Reaching Higher

I had a bit of an identity crisis this morning. (It's certainly not my first--turning 20 was a strange transition. ;)) But today felt different. Today felt like two sides of myself were warring against each other. A Facebook post that I read at 5:30 this morning became the center of my day and it brought up some stuff that I've been struggling with for a while (read: I sort of had an emotional breakdown about it). Namely, how on Earth am I supposed to co-chair Embody and be a Beachbody coach?

The two roles often feel like they couldn't be more different--on one hand, I educate people about eating disorders and (hopefully) shed light on how horribly destructive they are while also being a resource to those who are struggling; on the other, I promote diet and healthy exercise which are often how people find themselves in the previous situation (I even know firsthand how addictive it is). So how can I wear both hats?!

After some loooong conversations today with some amazing people (including both my best friend and my amazing mentor), I've realized it's all in the feelings.

Eating disorders feel like death. They just do. It's a soul-sucking pit of despair. It's feeling like a slave to something that seems so. much. bigger than you. It's not being able to make your own choices. It's constantly worrying and being on the defensive. It's feeling weaker than the voice in your head. It's not feeling like yourself. It's like being lost.

In my experience (because I can only ever speak to that), my journey with the 21 Day Fix/21DFX/Beachbody has opened my eyes to an entirely new world. I've become a part of the best community I could ask for--a group of women (and a few men--shoutout to Shaun T, Rob, and the ShredNation crew) who are determined and strong and empowering themselves and each other and reaching for the best, most authentic versions of themselves.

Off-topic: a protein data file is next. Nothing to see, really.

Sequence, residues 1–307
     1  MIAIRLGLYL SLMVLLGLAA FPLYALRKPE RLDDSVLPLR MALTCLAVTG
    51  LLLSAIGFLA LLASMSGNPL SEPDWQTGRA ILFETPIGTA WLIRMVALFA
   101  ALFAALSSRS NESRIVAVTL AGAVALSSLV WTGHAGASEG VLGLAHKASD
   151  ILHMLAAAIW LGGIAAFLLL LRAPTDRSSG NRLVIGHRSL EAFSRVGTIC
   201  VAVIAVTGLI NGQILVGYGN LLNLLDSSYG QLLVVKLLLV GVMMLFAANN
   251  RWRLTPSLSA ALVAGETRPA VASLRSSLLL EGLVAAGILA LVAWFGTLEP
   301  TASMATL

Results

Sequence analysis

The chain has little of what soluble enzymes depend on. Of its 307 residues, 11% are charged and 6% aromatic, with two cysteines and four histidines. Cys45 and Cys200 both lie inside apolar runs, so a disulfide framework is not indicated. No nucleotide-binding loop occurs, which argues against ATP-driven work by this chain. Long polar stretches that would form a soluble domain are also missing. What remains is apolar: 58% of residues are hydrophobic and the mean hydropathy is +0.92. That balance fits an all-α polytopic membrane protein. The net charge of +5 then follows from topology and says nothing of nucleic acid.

In our Embody trainings, we define normal eating and talk about how full recovery means keeping food and diet and exercise to one portion of your life--not letting it invade who you are and how you define yourself. (For reference, studies show that people with anorexia think about food 90-100% of the time and 70-90% for people with bulimia.)

For me, Beachbody has taught me how to do just that. I'm finally giving my body the proportions of nutrients it needs in proper sizes and my exercise routine is structured so that I do it and can just walk away. I can tell a difference. And in case you haven't been reading my other posts--I would argue it's even entirely changed my life. For the first time, I'm comfortable using the word "recovered", even if it feels weird sometimes, instead of just "in remission" (my eventual WWU will talk about this more!). It feels like freedom.

So today I've realized--how can I not do both? How could I even dream of walking away from this amazing group of people I'm so lucky to be around, both at Embody and in Inspire Joy? How could I stop working to be the best, most healthy, most authentic version of myself? Isn't that all I could ever wish for? I've seen eating disorders completely rob people of their lives, seen them lose themselves, and I never take this place that I'm in for granted. But it's not all I am--not anymore. As Anna so elegantly puts it--I am the sum of my experiences.

I'm sure I'll have this struggle again or have those moments where I feel like a phony or feel inauthentic or just feel wrong. But reaching this point feels sure good.